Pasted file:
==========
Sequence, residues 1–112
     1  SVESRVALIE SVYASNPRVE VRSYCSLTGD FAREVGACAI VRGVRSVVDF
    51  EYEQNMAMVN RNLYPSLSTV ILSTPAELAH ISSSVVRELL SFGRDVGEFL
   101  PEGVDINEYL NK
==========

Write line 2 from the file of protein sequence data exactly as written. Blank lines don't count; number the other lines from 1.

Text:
     1  SVESRVALIE SVYASNPRVE VRSYCSLTGD FAREVGACAI VRGVRSVVDF